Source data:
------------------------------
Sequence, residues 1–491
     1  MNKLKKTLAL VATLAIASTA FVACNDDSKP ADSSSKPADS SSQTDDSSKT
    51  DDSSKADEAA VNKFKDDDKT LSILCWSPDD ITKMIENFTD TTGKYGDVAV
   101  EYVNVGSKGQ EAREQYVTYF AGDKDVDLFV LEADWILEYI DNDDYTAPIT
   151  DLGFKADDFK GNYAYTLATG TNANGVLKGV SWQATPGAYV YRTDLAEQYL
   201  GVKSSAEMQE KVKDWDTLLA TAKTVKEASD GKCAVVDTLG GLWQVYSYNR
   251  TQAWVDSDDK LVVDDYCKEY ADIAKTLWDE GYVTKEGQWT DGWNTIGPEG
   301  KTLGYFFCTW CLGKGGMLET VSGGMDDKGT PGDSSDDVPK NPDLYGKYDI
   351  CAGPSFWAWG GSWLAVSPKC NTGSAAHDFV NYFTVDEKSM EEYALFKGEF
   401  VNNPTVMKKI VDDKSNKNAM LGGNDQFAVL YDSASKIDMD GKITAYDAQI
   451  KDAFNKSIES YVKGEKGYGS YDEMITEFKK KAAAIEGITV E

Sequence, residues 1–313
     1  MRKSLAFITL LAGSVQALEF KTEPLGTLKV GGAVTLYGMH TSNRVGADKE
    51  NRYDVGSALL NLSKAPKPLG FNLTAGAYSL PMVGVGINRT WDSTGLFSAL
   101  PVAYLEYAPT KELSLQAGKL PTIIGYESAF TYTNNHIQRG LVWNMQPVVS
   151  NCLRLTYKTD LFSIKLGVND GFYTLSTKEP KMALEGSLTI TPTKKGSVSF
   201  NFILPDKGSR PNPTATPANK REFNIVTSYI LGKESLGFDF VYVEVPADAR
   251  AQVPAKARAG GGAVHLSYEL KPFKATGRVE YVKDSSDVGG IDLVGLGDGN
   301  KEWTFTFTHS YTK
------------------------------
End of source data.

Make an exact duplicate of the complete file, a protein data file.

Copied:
Sequence, residues 1–491
     1  MNKLKKTLAL VATLAIASTA FVACNDDSKP ADSSSKPADS SSQTDDSSKT
    51  DDSSKADEAA VNKFKDDDKT LSILCWSPDD ITKMIENFTD TTGKYGDVAV
   101  EYVNVGSKGQ EAREQYVTYF AGDKDVDLFV LEADWILEYI DNDDYTAPIT
   151  DLGFKADDFK GNYAYTLATG TNANGVLKGV SWQATPGAYV YRTDLAEQYL
   201  GVKSSAEMQE KVKDWDTLLA TAKTVKEASD GKCAVVDTLG GLWQVYSYNR
   251  TQAWVDSDDK LVVDDYCKEY ADIAKTLWDE GYVTKEGQWT DGWNTIGPEG
   301  KTLGYFFCTW CLGKGGMLET VSGGMDDKGT PGDSSDDVPK NPDLYGKYDI
   351  CAGPSFWAWG GSWLAVSPKC NTGSAAHDFV NYFTVDEKSM EEYALFKGEF
   401  VNNPTVMKKI VDDKSNKNAM LGGNDQFAVL YDSASKIDMD GKITAYDAQI
   451  KDAFNKSIES YVKGEKGYGS YDEMITEFKK KAAAIEGITV E

Sequence, residues 1–313
     1  MRKSLAFITL LAGSVQALEF KTEPLGTLKV GGAVTLYGMH TSNRVGADKE
    51  NRYDVGSALL NLSKAPKPLG FNLTAGAYSL PMVGVGINRT WDSTGLFSAL
   101  PVAYLEYAPT KELSLQAGKL PTIIGYESAF TYTNNHIQRG LVWNMQPVVS
   151  NCLRLTYKTD LFSIKLGVND GFYTLSTKEP KMALEGSLTI TPTKKGSVSF
   201  NFILPDKGSR PNPTATPANK REFNIVTSYI LGKESLGFDF VYVEVPADAR
   251  AQVPAKARAG GGAVHLSYEL KPFKATGRVE YVKDSSDVGG IDLVGLGDGN
   301  KEWTFTFTHS YTK